One well-developed plan describes the teacher competencies for a progressive school and how to assess competence. This is a document on our website and available for all to use.

Learning Not Schooling by Wayne Jennings

Don Glines, who has the premier book on educational alternatives (available in our store), has written Declaring War against Schooling: Personalized Learning Now. Dr. Glines has distilled 50 years of his forward thinking and practice into this profoundly important work. He finds that research supports radically different kinds of schools. In fact, the word “school “carries the baggage of obsolete beliefs and sets us on the wrong path of trying to fix it. He emphasizes starting with learning, a human trait, to design optimal conditions rather than just repairing what we now have. Don is also famous for having directed the Wilson campus school during the 60s and 70s, seen by many as the most innovative school in the nation, then and since. A videotape of that school is also available in our store.

Institute for Democratic Education in America by Wayne Jennings

A fairly new organization the, Institute for Democratic Education in America identifies critical areas for learning that “equip every human being to participate fully in a healthy democracy.” Their website urges reinventing education strategically, collaboratively, and sustainably. It offers examples, links, definitions, invitations to become involved and a host of resources. Clearly, an up-and-coming organization bound to have an impact on public education.

School Choice Necessary for Education by Wayne Jennings

The Brown Center on Education at Brookings published a system for ranking school districts on how much choice of educational programs is afforded children. They argue that options are necessary  and valuable in an article and short video. Their rank of 25 large cities on 13 criteria ranges from grades B to D.  Their booklet Expanding Choice in Elementary and Secondary Education argues that the government should as a matter of policy provide choices for every child.

IALA espouses this policy as its core mission.

Reshaping National Assessment Policy by Wayne Jennings

Harold Berlak, an experienced educator writes: “Dozens of professional educational associations corporate lobbies, think tanks, have offered proposals for reauthorizing ESEA/ NCLB. I summarize and offer commentary on key proposals of three prominent organizations….”  They are The Forum on Educational Accountability, Broader Bolder Approach to Education (an offshoot of Economic Policy Institute), Forum for Education and Democracy. All three issued their reports prior to Obama’s election and were “written with an eye to how Congress should go about reauthorizing NCLB, and repairing or undoing the educational disaster inflicted by ESEA 2001, aka No Child Left Behind.” Berlak’s brief readable critique offers sensible and politically feasible suggestions for Congress that on its present course is unlikely to yield much in the area of accountability and testing. His paper can be requested from hberlak@yahoo.com.

Social and Emotional Learning Impact by Wayne Jennings

CASEL, the Collaborative for Academic Social and Emotional Learning has promoted a thorough study, “The Impact of Enhancing Students’ Social and Emotional Learning: A Meta-Analysis of School-Based Universal Interventions,” on the impact on social and emotional learning. Encompassing 213 studies involving 270,000 students, the authors find significant impacts from practices not only on academic learning but also empathy, decision-making skills, conflict resolution skills, health, school behavior, high-risk behavior, work ethic, and ultimate school success.

CASEL promotes the development of five interrelated sets of cognitive, affective, and behavioral competencies: self-awareness, self-management, social awareness, relationship skills, and responsible decision making. The result: A shift from being  predominantly controlled by external factors to acting with internalized beliefs and values, caring and concern for others, making good decisions, and taking responsibility for one’s choices and behaviors.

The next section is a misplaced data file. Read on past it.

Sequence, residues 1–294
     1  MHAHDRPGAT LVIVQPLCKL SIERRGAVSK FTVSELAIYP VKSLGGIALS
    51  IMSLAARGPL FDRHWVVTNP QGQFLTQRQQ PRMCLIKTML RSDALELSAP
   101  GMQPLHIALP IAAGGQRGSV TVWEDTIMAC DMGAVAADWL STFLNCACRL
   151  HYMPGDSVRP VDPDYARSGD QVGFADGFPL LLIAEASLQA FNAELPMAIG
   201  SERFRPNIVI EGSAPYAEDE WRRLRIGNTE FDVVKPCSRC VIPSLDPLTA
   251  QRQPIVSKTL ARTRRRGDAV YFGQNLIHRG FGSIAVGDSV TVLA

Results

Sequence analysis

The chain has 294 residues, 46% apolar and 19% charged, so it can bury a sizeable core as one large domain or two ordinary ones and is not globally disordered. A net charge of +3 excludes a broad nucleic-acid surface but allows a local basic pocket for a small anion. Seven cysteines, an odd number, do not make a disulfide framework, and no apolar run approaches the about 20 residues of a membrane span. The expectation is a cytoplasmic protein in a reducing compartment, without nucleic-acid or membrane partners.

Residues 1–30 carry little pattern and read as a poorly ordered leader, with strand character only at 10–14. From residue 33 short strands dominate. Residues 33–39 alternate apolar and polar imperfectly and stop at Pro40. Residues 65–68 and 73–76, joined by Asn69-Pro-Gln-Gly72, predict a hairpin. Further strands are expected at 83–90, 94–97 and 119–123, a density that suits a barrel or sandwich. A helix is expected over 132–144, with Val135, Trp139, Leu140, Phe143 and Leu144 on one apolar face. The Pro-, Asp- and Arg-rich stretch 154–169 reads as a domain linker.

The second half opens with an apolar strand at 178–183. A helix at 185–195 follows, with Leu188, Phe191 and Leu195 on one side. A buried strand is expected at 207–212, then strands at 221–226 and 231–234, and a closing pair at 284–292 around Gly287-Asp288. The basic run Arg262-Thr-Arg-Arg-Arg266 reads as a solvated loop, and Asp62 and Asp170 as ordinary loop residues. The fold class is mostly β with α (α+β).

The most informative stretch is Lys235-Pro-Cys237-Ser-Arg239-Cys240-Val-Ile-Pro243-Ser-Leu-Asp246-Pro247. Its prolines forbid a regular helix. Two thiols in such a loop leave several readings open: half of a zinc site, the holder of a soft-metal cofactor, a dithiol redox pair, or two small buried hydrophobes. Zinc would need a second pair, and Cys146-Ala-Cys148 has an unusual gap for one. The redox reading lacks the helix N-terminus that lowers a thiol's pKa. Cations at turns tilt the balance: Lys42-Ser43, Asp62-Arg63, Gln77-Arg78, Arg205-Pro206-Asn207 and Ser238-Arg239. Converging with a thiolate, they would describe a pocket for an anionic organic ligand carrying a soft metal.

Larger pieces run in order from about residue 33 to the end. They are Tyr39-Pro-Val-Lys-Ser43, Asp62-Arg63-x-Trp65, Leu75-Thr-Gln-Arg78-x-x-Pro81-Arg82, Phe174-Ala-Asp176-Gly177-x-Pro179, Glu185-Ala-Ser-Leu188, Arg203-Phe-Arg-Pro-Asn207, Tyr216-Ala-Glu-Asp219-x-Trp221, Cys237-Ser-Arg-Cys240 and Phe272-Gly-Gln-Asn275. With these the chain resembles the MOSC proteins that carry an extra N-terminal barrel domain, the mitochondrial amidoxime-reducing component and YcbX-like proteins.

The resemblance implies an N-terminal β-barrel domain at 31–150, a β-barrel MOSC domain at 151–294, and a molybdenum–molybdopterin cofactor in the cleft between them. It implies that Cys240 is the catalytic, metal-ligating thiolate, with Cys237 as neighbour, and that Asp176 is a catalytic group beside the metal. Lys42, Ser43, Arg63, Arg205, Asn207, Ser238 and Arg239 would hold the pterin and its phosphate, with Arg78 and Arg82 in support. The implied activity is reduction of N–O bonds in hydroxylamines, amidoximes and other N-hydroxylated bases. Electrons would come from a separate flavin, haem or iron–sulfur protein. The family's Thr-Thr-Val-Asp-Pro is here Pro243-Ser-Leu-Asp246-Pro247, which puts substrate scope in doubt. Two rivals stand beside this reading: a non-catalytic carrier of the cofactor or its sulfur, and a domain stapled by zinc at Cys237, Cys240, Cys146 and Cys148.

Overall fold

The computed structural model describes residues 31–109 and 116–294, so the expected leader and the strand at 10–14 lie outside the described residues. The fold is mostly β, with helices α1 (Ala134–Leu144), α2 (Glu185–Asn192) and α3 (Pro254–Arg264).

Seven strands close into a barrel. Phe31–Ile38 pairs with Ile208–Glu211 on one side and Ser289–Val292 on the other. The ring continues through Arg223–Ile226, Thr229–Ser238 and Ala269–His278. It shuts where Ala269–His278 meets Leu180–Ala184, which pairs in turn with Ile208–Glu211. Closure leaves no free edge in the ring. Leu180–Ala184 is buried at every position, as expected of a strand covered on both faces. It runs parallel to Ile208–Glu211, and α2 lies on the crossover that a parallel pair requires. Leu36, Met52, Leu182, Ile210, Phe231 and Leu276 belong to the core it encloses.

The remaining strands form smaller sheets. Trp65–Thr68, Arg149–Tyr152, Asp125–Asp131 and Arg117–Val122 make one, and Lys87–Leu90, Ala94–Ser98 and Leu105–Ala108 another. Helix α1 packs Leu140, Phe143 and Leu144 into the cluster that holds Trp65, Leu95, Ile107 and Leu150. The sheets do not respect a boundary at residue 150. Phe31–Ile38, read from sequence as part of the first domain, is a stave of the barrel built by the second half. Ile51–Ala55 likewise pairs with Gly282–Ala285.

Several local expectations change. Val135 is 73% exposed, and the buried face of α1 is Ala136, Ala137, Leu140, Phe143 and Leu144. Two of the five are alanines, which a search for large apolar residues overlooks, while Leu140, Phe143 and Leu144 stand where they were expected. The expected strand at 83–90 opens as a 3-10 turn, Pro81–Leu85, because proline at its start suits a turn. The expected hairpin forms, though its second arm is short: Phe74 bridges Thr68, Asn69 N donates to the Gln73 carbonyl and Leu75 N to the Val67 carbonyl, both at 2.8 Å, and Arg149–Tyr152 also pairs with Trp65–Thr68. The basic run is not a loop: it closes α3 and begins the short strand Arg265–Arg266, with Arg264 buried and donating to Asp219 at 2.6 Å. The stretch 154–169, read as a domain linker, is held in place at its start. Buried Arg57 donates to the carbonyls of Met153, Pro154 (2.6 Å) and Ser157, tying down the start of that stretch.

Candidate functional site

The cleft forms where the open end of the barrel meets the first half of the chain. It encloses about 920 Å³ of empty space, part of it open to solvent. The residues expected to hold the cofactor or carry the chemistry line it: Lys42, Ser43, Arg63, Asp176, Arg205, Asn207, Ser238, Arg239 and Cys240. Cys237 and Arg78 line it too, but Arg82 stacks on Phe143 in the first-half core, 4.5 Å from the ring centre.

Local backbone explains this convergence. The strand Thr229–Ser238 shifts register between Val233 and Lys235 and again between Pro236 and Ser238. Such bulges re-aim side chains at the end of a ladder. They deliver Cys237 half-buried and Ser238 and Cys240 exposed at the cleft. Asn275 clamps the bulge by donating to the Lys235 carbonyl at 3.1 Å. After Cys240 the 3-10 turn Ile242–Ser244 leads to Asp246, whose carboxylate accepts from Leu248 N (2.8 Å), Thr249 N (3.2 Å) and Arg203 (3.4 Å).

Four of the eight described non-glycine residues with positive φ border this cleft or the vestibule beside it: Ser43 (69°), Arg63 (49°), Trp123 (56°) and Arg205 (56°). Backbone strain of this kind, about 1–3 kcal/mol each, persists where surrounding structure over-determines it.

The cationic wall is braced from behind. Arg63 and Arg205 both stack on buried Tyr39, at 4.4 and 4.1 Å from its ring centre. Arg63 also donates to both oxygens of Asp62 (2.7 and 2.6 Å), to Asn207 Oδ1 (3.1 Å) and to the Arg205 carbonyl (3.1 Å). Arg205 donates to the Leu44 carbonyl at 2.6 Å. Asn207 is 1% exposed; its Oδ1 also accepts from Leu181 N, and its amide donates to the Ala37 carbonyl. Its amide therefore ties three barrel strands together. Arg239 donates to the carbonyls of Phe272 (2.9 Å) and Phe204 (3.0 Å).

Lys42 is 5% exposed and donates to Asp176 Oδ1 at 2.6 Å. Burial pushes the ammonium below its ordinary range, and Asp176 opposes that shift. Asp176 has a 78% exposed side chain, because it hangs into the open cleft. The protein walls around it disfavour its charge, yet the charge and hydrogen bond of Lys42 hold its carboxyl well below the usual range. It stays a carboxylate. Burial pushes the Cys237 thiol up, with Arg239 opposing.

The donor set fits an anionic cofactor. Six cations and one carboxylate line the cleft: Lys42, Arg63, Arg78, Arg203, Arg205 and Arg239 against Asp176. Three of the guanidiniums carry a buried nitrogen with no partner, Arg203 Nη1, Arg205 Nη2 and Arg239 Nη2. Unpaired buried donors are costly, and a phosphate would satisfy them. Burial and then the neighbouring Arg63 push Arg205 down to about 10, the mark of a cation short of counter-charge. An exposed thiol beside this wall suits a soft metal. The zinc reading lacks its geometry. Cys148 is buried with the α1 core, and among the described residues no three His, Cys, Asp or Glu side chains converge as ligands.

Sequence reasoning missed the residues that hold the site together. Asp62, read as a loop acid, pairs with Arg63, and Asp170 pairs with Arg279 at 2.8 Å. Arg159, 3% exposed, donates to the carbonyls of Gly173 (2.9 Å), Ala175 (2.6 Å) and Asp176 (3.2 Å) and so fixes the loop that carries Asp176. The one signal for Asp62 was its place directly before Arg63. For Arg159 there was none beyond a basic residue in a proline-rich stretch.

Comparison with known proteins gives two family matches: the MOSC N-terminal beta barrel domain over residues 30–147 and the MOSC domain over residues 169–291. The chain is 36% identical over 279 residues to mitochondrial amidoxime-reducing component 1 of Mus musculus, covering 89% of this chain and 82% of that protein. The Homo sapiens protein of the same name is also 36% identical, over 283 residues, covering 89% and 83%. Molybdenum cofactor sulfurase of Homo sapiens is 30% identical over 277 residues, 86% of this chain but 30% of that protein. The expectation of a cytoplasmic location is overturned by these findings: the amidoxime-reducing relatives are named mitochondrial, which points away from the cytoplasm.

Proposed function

Online Learning Resources by Wayne Jennings

Online learning, virtual schools, cyber schools, blended learning terms apply to the fastest growing area of learning alternatives, both K-12 and higher education. The International Association for K-12 Online Learning (iNACOL) a nonprofit representing 3,800 members tracks advocacy, networking, professional growth and research areas. They provide or list webinars, conferences and news. A new website OnlineSchools.com aims to be a central source of information with descriptions, rationale, lists of schools, resources and more. Some states have online learning associations as further sources of information.

Besides full time programs, blended learning programs are increasingly found in almost all high schools in the nation and now spreading to middle and elementary schools. This describes students taking regular courses along with one or more online courses for credit endorsed by their school. A new 178 page report “The Rise of Blended Learning: Profiles of Emerging Models” by the Innosight Institute describes 40 blended learning organizations and 48 different models.

Leaders Affirm the Importance of Choice by Wayne Jennings

The Center on Reinventing Public Education (CRPE) and the US Department of Education assembled leaders from 20 of the largest school district for a discussion of providing choices. Their report Reforming Districts Through Choice, Autonomy, Equity, and Accountability: An Overview of the Voluntary Public School Choice Directors Meeting strongly affirmed the importance of providing learning alternatives of various kinds including open enrollment, magnet schools and charter schools for all students to better meet the needs and preferences of parents and students. School districts need to take leadership for a seamless combination of choices even if it means relinquishing levels of control.

From IALA’s standpoint, this is an overdue but welcome affirmation of our position that all students should have a choice of distinctively different programs.

Whyville, Home to 6 Million Students by Wayne Jennings

The developer in 1999 of Whyville, Dr. James Bower gives a delightful talk entitled, The Death of Textbooks, Emergence of Games in a little over an hour webinar and describes the fascination young students have with creating an alter ego (avatar) and a whole new world to shape and manipulate. Whyville now attracts 5,000 teachers and some 6.8 million kids as young as age 4 with 78% girls, even some senior citizens. Use of the program develops all sorts of skills and knowledge normally taught in classrooms via teaching and textbooks. This astonishing program doesn’t replace schooling but augments learning through deep engagement. This is a likely future part of education and has considerable support from foundations and businesses.

Take the time with this webinar to consider the impact of this rapidly growing segment of computer use. The implications may blow your paradigms.